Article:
There is something that is very special about being in university ministry. Every year, in the fall, you must begin anew. Those students you relied upon the most to support the various programs are probably the ones who graduated and are no longer there. New students need to be welcomed and integrated into the community of those who have been there for just a few years. Even they are still getting to know each other. It is always just one year, with a clear beginning and an end which is never far from sight. When everybody leaves, usually not long after Easter, then we can only hope that they received something that will be of lasting value to them. We may not see them again, and this is the way it is supposed to be. University ministry is ministry to people passing through.
Such ministry is in a very dynamic environment, one in which routines must be established each year anew. This makes the things that remain constant even more important. The year is clearly structured by the seasons of the liturgical year, with Advent and Christmas marking the end of the first half, and Lent and Easter the second half. Even while the community changes every year, there is unity and permanence in the experience of each academic year.
Except for this year! When I opened my email on March 12 and read that Sunday Mass was not going to happen again for the foreseeable future, I could not believe my eyes. This had never happened before. How could we just stop like this, without having celebrated Easter together? The next day, the university cancelled classes, at first for just a day to evaluate the situation, but then for the rest of the academic year. We had one more Mass in the Newman Centre, and then we went on separate ways into the unknown. We would prepare for Easter and complete the academic year without gathering again as a community in prayer and liturgy. I can only pray that what we gave the students will be enough so that they can make sense of this challenge in their lives.
Just a few days earlier, I had submitted one of my regular reports about my ministry. We do many things, but I had emphasized the importance of our regular liturgical celebrations: Daily Mass with a handful of students in the chapel and Sunday Mass with a larger group in our main room. It creates an anchor, an experience of peace and reflection in the life of our students. It gives them an experience of community in prayer and worship. Especially today, in an age in which Catholic students at a major research university are often made to feel as if not fitting in with the secular culture, giving them this experience is very important. For half an hour on weekdays and an hour on Sundays, they find that everything is well between faith and reason. I look forward to doing so again, especially now that I know how important this has been.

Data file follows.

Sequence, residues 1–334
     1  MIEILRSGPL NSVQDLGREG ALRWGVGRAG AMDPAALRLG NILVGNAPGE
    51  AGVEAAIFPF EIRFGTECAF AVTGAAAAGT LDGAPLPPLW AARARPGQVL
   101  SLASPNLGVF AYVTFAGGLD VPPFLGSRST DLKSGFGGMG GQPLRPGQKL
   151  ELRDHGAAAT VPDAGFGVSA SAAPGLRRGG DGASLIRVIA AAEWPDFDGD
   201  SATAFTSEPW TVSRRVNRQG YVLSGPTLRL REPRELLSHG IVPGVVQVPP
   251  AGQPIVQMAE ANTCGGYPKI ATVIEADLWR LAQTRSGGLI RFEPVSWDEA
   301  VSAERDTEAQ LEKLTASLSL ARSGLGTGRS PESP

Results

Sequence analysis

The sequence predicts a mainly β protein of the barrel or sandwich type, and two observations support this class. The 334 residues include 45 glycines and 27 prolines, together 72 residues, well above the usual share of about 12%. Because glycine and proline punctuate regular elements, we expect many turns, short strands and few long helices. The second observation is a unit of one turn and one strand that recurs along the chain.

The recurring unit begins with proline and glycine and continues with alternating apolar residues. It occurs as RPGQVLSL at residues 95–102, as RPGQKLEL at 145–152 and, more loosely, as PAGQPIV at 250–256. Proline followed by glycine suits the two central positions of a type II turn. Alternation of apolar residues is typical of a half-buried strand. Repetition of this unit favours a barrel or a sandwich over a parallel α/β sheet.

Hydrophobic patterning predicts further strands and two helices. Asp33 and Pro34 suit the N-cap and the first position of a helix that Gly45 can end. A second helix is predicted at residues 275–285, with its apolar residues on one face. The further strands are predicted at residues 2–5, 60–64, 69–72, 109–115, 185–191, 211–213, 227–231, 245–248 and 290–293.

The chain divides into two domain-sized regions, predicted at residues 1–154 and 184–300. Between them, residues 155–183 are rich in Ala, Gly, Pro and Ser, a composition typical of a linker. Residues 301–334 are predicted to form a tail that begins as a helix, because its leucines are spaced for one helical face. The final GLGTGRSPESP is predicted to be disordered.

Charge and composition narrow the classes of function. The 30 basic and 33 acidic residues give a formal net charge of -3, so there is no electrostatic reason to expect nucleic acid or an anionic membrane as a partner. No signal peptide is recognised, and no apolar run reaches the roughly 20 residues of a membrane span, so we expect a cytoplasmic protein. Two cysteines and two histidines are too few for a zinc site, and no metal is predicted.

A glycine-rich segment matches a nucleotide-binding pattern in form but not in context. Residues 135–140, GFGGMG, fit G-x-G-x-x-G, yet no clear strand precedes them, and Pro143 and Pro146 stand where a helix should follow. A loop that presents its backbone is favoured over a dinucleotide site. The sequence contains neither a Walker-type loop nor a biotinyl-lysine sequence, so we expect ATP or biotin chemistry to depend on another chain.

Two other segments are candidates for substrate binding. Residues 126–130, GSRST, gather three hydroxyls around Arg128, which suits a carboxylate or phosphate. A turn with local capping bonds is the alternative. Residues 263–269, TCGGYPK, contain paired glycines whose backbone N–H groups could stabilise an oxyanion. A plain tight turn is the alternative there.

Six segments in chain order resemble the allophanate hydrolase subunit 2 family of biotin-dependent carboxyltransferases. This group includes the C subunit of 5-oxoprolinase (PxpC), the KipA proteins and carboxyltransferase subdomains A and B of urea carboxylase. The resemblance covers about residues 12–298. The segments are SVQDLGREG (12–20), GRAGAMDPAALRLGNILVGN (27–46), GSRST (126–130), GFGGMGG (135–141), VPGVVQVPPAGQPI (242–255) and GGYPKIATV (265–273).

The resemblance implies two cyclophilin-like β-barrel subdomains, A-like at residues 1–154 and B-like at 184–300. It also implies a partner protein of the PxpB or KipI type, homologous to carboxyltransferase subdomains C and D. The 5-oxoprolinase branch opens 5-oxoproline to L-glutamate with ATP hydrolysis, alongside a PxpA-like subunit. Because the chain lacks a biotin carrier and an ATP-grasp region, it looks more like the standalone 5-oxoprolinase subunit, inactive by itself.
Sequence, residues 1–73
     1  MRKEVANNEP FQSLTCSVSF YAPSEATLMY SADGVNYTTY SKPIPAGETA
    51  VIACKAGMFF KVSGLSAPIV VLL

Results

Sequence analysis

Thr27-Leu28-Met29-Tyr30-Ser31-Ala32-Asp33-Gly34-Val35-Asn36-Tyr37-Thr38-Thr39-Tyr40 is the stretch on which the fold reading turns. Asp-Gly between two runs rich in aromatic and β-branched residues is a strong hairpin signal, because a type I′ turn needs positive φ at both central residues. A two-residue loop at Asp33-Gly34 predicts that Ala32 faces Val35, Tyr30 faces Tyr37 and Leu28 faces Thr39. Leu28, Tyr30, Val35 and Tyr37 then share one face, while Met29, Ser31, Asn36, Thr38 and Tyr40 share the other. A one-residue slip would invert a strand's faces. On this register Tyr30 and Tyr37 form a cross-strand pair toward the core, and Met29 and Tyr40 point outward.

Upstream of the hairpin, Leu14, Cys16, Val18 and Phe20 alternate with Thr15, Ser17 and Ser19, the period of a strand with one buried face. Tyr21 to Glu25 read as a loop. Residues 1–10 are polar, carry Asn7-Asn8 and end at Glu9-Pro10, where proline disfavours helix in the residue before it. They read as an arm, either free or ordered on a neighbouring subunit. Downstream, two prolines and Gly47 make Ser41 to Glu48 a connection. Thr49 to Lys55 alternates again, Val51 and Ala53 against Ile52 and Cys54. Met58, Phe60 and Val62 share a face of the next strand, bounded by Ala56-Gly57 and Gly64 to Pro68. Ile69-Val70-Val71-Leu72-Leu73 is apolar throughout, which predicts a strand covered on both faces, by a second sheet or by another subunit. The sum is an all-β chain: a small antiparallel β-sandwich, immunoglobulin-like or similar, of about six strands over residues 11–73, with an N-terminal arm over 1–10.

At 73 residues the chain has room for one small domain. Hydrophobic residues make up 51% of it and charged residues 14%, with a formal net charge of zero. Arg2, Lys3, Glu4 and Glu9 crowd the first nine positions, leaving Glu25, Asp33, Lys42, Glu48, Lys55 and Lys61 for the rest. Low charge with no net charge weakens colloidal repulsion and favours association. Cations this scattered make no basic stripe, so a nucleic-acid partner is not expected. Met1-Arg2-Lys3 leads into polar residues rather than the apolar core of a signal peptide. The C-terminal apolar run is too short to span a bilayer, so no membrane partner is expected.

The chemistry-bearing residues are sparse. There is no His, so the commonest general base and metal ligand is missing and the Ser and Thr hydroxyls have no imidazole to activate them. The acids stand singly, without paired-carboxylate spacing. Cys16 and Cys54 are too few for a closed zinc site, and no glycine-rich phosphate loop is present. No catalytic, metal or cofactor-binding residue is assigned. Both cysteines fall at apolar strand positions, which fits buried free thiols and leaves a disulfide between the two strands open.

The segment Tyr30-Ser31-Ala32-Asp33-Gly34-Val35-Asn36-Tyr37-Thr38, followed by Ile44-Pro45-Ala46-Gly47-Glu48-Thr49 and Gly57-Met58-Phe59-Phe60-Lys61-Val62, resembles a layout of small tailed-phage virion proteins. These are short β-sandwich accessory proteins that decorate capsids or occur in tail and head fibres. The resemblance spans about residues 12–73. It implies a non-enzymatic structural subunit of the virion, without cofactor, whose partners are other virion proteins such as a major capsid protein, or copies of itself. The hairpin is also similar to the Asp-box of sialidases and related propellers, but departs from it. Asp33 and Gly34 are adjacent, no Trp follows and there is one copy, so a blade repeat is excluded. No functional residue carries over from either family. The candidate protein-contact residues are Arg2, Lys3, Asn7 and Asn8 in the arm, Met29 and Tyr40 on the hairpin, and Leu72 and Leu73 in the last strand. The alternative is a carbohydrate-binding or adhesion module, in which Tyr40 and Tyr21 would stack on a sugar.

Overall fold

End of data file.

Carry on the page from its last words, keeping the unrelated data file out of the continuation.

Not celebrating Easter with the students who I got to know over the last 8 months is a great loss, even with the consolation of keeping in touch with at least some of them through online meetings. However, we must look at the bigger picture. This is the Easter that we are now meant to celebrate. It does fit into our time. We are being thrown back to the essential experience of our faith as individuals, as one person before God, as one person in relationship with Jesus Christ, in world that rejected him. His rising to new life was in the loneliness of the tomb, and his first encounter was with Mary Magdalene, who was weeping alone outside the empty tomb. Celebrating Easter in monastic seclusion reminds me that while we are all united in our faith as a community, it begins with my own personal and individual experience of the risen Christ.
This experience of confinement at home and absence of large public worship will end. Most likely, this is the only Easter that we experience in this way. We will meet again in our chapels, our churches, and all other spaces in which we gather to pray together. We will celebrate Easter again as we have celebrated it in years past. Therefore, let us celebrate this Easter as a special gift, the gift of being reminded that Christ loves each one of us, individually. He invites us to be with him, especially when we are alone.